Let’s not forget that this network CD player can play “master-grade” digital audio files from USB storage or your home network’s DLNA-capable NAS. It also includes the ability to enqueue any of these files for subsequent play when the current one is finished, similar to building up an “Active Queue List” on some MP3 players. It can also convert “master-grade” digital audio presented over an SPDIF digital audio link.

As far as connecting to your equipment is concerned, you have a fixed-level analogue line output along with a variable-level analogue line output. Marantz even suggested using the variable output as a “pre-out” for connecting directly to active speakers (think Bose Acoustimass or B&O Beolab speakers for example) or a power amplifier. There is also SPDIF digital outputs in coaxial and optical form for connecting to a home theatre receiver, digital-analogue converter or digital amplifier based primarily around discrete componentry.

There has also been some investment in the headphone amplifier which caters for those of us who use high-quality headphones for private listening. Like most other full-width hi-fi equipment, this will require the headphones to be equipped with the traditional 6.35mm stereo phone plug.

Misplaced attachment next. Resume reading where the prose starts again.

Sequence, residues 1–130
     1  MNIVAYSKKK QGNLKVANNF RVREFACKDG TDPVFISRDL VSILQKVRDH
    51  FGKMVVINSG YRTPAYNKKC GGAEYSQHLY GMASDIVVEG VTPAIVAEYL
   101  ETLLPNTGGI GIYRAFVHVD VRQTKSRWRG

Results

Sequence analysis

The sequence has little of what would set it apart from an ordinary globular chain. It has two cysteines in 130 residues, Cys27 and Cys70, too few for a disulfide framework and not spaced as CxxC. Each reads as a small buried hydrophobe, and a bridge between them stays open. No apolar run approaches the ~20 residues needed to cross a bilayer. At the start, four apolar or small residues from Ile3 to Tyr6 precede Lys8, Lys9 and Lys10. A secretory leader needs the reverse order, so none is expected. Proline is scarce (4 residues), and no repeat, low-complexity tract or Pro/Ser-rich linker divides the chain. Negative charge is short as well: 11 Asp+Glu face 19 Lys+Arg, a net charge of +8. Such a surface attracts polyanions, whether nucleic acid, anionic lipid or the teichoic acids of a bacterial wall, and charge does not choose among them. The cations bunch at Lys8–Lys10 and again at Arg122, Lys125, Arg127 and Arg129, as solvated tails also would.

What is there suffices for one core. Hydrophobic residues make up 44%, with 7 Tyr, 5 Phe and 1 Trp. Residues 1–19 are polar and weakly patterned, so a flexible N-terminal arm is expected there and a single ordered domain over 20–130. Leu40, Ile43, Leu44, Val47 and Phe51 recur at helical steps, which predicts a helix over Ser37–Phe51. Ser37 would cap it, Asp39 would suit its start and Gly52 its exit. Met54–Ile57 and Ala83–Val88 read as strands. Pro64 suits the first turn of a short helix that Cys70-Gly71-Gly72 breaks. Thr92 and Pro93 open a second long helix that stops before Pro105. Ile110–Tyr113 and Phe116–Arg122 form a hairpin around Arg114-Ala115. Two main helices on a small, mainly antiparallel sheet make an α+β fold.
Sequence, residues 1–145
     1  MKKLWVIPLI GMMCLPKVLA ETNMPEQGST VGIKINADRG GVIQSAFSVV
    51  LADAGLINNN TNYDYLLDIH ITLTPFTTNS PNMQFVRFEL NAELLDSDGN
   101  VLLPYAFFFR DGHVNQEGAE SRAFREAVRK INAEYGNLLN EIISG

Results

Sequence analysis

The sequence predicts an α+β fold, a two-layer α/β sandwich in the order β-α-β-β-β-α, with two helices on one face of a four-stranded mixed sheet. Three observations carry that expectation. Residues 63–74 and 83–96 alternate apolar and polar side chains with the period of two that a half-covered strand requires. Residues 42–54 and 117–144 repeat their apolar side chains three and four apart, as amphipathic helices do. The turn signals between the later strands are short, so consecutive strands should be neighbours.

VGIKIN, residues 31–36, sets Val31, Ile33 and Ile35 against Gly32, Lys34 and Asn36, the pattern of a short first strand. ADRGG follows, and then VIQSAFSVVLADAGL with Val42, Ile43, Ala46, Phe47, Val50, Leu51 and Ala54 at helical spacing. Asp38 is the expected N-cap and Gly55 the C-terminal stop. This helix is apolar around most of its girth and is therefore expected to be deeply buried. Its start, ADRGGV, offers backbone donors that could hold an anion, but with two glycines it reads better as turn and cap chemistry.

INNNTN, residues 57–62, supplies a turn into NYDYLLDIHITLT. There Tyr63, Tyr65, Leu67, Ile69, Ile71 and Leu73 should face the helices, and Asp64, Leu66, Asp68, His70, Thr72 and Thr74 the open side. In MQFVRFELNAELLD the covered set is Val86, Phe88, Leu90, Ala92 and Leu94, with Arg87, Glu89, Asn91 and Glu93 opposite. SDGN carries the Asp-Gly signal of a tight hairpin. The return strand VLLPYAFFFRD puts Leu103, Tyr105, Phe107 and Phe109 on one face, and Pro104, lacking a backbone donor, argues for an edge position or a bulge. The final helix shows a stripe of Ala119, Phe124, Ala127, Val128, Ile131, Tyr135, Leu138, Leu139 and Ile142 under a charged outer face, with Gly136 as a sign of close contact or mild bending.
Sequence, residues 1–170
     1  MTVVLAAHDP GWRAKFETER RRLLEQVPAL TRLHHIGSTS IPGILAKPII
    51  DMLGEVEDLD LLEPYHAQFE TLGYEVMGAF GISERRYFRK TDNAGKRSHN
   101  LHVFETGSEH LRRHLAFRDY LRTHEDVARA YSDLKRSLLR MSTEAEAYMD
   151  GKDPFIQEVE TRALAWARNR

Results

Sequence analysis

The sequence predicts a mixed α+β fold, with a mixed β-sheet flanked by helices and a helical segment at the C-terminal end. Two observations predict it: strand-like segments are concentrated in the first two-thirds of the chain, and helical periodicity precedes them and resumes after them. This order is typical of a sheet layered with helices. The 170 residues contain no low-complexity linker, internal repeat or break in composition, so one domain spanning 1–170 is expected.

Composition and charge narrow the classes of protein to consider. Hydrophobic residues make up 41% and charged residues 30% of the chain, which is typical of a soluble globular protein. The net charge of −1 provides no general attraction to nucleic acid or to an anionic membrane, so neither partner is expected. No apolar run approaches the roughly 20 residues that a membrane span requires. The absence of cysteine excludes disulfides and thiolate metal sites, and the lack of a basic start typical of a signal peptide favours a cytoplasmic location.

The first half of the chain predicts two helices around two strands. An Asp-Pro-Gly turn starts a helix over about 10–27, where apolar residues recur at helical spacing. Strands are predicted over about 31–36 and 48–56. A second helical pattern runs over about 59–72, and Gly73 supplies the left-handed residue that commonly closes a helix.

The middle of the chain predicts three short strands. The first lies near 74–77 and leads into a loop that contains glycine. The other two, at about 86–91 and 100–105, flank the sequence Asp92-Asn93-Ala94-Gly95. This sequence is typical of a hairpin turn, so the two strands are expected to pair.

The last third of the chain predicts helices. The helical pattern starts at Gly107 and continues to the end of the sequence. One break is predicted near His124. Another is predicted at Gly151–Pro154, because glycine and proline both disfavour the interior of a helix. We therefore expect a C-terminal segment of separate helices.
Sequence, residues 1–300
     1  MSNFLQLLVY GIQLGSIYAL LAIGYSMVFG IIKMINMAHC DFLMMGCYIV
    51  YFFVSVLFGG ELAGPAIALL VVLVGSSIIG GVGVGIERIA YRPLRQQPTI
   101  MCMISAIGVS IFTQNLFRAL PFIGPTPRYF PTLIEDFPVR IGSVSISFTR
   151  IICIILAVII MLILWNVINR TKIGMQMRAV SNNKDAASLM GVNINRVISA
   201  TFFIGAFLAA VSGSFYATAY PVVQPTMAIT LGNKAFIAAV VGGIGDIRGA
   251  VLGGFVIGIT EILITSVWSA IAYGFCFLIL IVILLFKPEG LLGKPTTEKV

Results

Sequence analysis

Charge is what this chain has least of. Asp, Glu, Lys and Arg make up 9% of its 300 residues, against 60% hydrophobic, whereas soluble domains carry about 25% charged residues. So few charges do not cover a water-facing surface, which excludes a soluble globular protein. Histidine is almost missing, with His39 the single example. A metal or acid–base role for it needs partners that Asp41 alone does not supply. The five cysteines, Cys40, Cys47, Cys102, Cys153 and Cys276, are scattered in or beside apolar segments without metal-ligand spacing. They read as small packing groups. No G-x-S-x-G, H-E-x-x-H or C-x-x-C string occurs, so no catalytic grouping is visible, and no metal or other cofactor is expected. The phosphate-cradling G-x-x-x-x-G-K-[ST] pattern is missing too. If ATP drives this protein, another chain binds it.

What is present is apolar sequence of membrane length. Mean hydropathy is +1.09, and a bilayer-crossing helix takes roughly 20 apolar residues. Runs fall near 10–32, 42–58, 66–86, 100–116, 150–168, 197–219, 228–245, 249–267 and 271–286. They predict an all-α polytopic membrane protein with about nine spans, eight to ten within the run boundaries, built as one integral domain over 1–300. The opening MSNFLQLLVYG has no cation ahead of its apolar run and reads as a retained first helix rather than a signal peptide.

Although the Marantz ND-8006 network CD player has a price within “premium-equipment” territory, it is more about being able to answer this product class at the premium level. What would need to happen to build out the network CD player as a product class would be to have other value-priced hi-fi names offer these products as part of their lineup.

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Setting up a mobile NAS to work with your home network

WD MyPassport Wireless mobile NAS

The WD MyPassport Wireless mobile network-attached storage – can offer data to the host Wi-Fi network when set up in hotspot mode

Increasingly, data-storage device manufacturers are adding to their mobile network-attached storage devices the same kind of network-based data storage and access features typically offered with a standard desktop NAS device. This is rather than these devices just being a lightweight file server for smartphones and tablets connected to the device’s own Wi-Fi access point.

I had previously reviewed one of these devices in the form of the WD MyPassport Wireless mobile NAS which demonstrated this kind of functionality. In the review, I had called out the DLNA-compliant media server that was part of that mobile NAS’s feature set, where you had the ability to show your photos and videos on one of the latest Smart TVs via the home network the TV is connected to.